The Divine Mother looked at the sun rising from her palace on mount Kailash. The sun god always paid a humble salutation to the timeless Lord Shiva before beginning his journey every day. The gentle beams of the sun caressed the top of the proud peaks that jutted from the bosom of mother earth. Ma Parvathi smiled as she saw the clouds clinging to the cliffs of Kailash while the wind tried to hustle them along.
She closed her eyes and felt the whole mountain range gently vibrate. The frequency of the vibration never changed. Very few beings could sense it, and almost nobody could identify it. She started rocking gently, and “OM” started resonating in her consciousness. The word filled every pore of her body, and if she did not hold back, she would be lost in its vibrations for eternity. She gathered her consciousness and opened her eyes. Today was a special day. Shiva – her spouse- the eternal yogi was coming back to Kailash today. Mother Parvati wanted to bathe and get ready to welcome the lord home. She mentally summoned Nandi – the head of Shiva’s ganas – and ordered him to guard the gate while she got ready. She explicitly asked him not to allow anyone inside. Nandi dutifully went to the gate and stood guard.
Mother walked down from her bedroom to the serene lake lapping the steps of her palace. A bowl of sandalwood paste and a bottle of jasmine essence rested on the steps as mother slipped off her robes and glided into the water. The water sparkled around her and clung to her divine presence as she gently scrubbed herself. She crooned a song about the magnificence of her blue-throated god and closed her eyes, experiencing the most profound state of bliss. She could sense her body, the individual droplets of water, the lake, the mountain, and the entire universe rhythmically sway to her tune. Suddenly she felt her bliss multiply infinitely, and her Ajna chakra throbbed. This only happened when Kailashnath – the master of mount Kailash was nearby. His very presence amplified the energy of every living and non-living entity around him.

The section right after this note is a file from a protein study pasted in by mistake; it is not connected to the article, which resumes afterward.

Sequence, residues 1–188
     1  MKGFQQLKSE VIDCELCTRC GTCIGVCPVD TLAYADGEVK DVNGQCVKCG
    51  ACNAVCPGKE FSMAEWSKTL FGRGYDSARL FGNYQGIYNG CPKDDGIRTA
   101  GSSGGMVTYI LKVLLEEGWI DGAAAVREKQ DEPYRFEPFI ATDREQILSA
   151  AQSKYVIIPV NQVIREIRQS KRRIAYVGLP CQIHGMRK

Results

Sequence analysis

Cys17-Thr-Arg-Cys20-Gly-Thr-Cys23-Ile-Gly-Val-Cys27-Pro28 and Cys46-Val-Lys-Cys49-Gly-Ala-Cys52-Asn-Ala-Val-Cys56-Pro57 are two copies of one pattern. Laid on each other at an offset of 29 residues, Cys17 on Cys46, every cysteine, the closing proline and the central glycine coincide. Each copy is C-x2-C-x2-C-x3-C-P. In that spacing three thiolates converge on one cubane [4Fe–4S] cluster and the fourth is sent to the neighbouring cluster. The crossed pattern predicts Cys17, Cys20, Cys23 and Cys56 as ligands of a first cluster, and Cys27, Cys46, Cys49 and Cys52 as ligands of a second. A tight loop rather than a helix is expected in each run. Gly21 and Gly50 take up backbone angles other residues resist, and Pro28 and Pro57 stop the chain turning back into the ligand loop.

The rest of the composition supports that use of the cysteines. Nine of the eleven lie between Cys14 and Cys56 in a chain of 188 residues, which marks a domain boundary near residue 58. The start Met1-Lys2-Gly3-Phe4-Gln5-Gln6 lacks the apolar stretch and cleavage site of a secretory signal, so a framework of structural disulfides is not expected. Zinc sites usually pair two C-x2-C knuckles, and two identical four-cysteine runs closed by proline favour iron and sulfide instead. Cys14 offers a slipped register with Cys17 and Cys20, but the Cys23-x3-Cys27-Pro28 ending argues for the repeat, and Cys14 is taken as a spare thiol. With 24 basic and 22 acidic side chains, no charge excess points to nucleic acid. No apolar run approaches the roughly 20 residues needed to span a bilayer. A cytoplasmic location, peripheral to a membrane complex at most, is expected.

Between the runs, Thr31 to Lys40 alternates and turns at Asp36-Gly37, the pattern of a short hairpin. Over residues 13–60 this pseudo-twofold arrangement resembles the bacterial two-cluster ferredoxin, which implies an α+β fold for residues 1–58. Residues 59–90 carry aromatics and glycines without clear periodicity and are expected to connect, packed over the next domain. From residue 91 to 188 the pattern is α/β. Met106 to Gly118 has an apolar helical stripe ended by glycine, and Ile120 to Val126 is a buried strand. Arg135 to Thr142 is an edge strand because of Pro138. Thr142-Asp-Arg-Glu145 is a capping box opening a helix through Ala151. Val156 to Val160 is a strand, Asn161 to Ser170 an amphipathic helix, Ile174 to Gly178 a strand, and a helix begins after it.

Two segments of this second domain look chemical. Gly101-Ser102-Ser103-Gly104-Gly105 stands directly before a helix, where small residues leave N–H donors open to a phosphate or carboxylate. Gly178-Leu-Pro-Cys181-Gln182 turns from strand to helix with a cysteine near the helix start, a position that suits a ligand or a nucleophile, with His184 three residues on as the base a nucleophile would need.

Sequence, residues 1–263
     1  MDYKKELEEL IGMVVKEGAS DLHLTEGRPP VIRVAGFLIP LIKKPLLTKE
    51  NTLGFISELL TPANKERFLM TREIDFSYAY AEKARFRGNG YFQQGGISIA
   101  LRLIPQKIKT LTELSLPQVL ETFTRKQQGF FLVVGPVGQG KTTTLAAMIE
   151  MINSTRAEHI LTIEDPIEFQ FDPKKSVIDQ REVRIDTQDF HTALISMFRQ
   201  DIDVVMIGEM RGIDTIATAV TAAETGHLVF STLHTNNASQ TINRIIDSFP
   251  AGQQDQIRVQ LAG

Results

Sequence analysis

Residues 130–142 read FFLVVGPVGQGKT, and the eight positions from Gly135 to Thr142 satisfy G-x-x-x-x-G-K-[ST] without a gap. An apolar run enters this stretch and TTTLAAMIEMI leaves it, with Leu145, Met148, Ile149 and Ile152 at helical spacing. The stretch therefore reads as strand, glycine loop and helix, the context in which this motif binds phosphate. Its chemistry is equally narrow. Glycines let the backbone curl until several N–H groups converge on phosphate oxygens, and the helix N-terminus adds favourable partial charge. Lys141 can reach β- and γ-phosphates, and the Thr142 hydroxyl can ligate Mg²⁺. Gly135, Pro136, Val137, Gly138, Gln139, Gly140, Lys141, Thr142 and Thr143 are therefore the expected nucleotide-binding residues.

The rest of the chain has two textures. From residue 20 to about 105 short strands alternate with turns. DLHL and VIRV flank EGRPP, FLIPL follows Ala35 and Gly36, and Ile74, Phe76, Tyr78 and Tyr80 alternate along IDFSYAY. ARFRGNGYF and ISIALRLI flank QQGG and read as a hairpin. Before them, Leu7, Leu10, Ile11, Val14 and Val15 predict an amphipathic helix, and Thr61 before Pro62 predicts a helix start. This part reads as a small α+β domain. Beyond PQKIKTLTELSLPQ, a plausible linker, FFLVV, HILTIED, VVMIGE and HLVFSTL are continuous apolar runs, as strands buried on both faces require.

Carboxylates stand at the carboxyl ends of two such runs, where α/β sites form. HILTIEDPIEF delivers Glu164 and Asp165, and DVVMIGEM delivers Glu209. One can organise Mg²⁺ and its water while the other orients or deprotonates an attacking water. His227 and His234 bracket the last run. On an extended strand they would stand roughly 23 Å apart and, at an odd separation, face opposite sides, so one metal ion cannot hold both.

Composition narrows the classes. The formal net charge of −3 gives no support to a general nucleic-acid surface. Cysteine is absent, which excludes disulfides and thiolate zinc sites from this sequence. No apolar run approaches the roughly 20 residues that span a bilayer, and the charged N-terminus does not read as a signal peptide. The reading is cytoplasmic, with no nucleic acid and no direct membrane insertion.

Mother got out of the lake and gracefully climbed the steps of her palace. She started dressing up slowly, knowing that Nandi would never disobey her. She pleated her saree gracefully, applied kohl in her eyes, and dabbed some jasmine fragrance. She turned around to select a pearl nose ring and saw the blue-throated Mahadeva smiling at her from her bedroom door. She was startled and squealed with surprise. “You were supposed to stop outside. Didn’t Nandi stop you,” she murmured. His eyes lit up as he smiled. She could already feel herself getting lost in them. She had looked into them once and seen the creation and destruction of the whole universe. Today, there were shining like two black holes absorbing every bit of light from the room. “I am Mahakala,” her lord replied, smiling quizzically. “How can he stop me?”
Mother Parvati hid the tiny murmur of disappointment she felt in her heart and welcome her Mahamrityunjaya home by singing his aarti. Bholenath stayed for a while and then left for his next meditation sadhana.
Mother was lonely again. Nandi, her trusted companion, had left her down. She realized that his devotion would always be towards Lord Pashupati. She could not blame him for that. However, for the first time in eternity, she felt the need to have someone loyal to only her. He would be her champion in this world.
The next time the divine mother took a bath, she used the sandalwood and dead skin of her body to create a young boy’s sculpture. She spent an eternity crafting every single detail − an expansive torso, muscular arms, a handsome face, broad shoulders, and burly legs − she has built the perfect young boy. Mother stood back, admired her work – and sighed with satisfaction. She was ready. She closed her eyes, chanted a mantra, blew on the young boy, and watched as he came to life. Her son blinked, smiled at her, brought his hands together in a perfect namaskar, and bowed down. “How can I serve you, mother?” he asked in the sweetest of voices. “ I want you to guard the house,” mother whispered lovingly. “ “Don’t allow anyone inside till I instruct you.”